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Page:Popular Science Monthly Volume 38.djvu/285

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"the boundary line of the mental is certainly vague. It is better not to be pedantic, but to let the science be as vague as its subject, and include such phenomena [instinctive and reflex acts of self-preservation] if by so doing we can throw any light on the main business in hand." He recognizes that at a certain stage in every science vagueness best consists with fertility, and quotes in illustration the Spencerian formula that life consists in "the adjustment of inner to outer relations," which he says has done much real service in psychology though it is "vagueness incarnate." He further says that "because it takes into account the fact that minds inhabit environments which act on them and on which they react; because, in short, it takes mind in the midst of all its concrete relations, it is immensely more fertile than the old-fashioned rational psychology which treated the soul as a detached existent, sufficient unto itself, and assumed to consider only its nature and properties. I shall, therefore, feel free to make any sallies into zoology or into pure nerve-physiology which may seem instructive for our purposes." The whole book, we are told, will be more or less a proof of the proposition that the brain is the one immediate bodily condition of the mental operations.

Accordingly, Chapter II treats through *78 pages of the Functions of the Brain, and Chapter III, of over 20 pages, considers the General Conditions of Brain Activity. These two chapters embody the latest assured results of experiment and observation, along with much comment and elucidation, and are very interesting and instructive. In Chapter IV the subject of Habit is dealt with in a most practical and impressive manner. The author supports his statements by liberal quotations from Dr. Carpenter's Mental Physiology. He closes with six or seven pages upon the Ethical Implications of the Law of Habit, addressed chiefly to the young, and bearing on the formation of character. Chapter V, on the Automatic Theory, and Chapter VI, on Mind-stuff, are lively, controversial, theoretical, all-sided, and strikingly display both the author's gifts of expression and peculiarities of method. Beginners are warned against several chapters in the book as too metaphysical, the one on Mind-stuff among them. If the trusting neophyte could read this chapter understanding, it is hard to imagine the state of mind produced in him by the concluding paragraph, wherein all the points that have just been so conclusively refuted are affirmed to be, in the present state of our knowledge, the only ground of a scientific psychology. This backing and filling seem very odd in a text-book; but the author evidently can not help it. His aptitudes and tendencies are too strong to be resisted. And perhaps this non-committal, bantering, disputatious way of presenting all sides of the subject is the best possible one for the author's purpose as a teacher.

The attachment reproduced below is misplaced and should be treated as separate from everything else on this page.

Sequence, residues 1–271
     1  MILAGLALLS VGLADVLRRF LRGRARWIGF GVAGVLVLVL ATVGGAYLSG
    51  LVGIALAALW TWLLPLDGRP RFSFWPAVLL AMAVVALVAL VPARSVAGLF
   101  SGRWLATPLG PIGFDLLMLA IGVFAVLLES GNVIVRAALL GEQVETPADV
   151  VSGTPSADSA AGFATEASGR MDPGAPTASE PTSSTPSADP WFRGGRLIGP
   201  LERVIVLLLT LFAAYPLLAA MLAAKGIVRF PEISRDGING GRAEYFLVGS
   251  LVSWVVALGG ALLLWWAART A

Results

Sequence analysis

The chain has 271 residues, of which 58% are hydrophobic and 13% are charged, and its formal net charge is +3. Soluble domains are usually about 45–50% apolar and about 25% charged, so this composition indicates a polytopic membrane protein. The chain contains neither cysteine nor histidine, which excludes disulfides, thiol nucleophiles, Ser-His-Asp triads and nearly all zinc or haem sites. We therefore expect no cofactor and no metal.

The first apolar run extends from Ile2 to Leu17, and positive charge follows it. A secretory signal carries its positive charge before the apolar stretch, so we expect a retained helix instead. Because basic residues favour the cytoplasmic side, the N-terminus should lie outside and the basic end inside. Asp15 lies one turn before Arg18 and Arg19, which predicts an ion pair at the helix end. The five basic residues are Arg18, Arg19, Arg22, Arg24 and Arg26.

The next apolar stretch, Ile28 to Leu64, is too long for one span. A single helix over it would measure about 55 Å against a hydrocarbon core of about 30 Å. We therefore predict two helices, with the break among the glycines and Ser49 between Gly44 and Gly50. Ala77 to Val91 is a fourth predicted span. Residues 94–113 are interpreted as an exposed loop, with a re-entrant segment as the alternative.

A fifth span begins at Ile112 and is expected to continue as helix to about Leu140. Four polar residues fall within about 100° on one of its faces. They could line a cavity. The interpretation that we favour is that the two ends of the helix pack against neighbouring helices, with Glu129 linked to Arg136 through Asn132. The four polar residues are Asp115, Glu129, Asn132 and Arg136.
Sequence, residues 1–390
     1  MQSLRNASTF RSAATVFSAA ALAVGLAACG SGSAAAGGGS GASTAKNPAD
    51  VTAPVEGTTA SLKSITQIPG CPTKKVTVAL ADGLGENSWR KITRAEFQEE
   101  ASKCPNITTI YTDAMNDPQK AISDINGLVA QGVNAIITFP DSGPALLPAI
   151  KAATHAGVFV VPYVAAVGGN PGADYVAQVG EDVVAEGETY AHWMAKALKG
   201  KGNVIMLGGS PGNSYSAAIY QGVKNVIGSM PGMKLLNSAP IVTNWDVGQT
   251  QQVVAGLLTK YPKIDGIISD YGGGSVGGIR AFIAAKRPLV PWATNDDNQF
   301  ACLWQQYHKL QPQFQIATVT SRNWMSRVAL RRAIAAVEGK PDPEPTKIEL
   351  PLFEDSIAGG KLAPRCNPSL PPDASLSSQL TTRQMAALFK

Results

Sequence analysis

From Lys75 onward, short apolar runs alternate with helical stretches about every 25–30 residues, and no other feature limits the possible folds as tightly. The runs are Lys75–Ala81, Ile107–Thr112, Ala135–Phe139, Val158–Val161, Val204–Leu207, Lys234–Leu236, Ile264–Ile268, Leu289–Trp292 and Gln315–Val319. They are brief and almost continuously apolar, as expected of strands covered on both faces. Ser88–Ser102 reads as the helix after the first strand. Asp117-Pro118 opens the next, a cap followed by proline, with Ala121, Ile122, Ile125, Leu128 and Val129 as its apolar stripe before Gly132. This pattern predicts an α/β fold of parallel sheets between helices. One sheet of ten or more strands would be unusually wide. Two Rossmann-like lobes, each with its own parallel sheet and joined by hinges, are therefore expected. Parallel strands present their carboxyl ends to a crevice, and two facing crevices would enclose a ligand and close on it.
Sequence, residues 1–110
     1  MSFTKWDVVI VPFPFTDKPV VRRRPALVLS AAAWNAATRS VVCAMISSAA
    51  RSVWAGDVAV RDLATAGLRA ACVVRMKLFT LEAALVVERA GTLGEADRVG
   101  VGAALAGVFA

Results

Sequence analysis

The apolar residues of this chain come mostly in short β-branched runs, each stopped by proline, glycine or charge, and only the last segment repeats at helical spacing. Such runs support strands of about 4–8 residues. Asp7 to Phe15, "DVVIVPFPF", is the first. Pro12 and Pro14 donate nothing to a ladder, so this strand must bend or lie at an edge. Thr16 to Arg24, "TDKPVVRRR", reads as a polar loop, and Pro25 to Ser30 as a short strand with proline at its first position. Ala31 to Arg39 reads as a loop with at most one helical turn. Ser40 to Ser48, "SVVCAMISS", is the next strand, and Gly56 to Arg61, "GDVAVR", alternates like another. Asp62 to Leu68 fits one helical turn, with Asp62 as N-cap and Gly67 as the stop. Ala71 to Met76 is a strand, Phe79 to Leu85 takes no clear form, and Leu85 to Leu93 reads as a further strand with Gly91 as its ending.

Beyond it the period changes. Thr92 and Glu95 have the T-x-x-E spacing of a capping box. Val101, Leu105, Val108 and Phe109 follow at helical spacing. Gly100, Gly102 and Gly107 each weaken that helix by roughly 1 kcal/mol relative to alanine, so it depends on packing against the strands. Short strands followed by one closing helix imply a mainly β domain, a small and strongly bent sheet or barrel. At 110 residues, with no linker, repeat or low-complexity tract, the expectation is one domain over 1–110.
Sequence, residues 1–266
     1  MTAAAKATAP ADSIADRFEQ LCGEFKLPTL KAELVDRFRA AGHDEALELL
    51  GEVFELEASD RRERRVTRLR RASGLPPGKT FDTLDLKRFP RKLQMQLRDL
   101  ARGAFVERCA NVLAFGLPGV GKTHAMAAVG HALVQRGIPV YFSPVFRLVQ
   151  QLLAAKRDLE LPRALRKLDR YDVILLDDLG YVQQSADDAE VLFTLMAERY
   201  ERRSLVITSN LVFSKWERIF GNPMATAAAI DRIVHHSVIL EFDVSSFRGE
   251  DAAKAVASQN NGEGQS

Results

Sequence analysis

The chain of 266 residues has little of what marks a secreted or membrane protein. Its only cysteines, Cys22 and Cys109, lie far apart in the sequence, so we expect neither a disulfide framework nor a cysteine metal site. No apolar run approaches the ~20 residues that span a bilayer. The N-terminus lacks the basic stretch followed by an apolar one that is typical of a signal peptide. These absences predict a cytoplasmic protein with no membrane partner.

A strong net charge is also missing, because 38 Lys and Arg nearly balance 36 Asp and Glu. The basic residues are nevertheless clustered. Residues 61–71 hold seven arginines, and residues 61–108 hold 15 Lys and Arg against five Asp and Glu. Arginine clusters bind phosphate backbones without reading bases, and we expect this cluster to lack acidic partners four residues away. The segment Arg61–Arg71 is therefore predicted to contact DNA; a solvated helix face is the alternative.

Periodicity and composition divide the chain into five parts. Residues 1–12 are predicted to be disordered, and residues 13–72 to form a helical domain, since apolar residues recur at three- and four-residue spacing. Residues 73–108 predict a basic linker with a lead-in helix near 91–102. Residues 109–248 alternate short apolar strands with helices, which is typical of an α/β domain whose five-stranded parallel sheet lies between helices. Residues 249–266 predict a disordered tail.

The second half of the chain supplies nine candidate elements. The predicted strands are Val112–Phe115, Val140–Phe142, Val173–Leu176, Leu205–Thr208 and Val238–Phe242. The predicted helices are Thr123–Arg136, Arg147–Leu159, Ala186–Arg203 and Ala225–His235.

Chapter VII, on The Methods and Snares of Psychology, and Chapter VIII, on The Relations of Mind to Other Things, are also too difficult for beginners. They treat of the "outer world of objects and relations to which the brain states correspond."

In Chapter IX, on The Stream of Thought, the author enters upon the exposition of mind from within, or subjective psychology. Instead of adopting the synthetic method, and beginning, as is usual, with sensations, he begins with the process of thinking, which is treated analytically. He rejects the idea that because sensations are the simplest things they should be taken up first, and affirms that "the only thing which Psychology has a right to postulate at the outset is the fact of thinking itself, and that must first be taken up and analyzed." In this chapter he treats the subject of consciousness in a general way, and in Chapter X he discusses The Consciousness of Self. More than half of this long chapter of 110 pages is devoted to Pure Self, and treats of the Spiritualist Theory, the Associationist Theory, and the Transcendentalist Theory. He winds up the section upon The Soul Theory with the following words: "My final conclusion, then, about the substantial soul is that it explains nothing and guarantees nothing. Its successive thoughts are the only intelligible and verifiable things about it, and definitely to ascertain the correlations of these with brain-processes is as much as Psychology can empirically do."

One section of this chapter treats of The Mutations of Self, both normal and abnormal. The abnormal alterations are classed as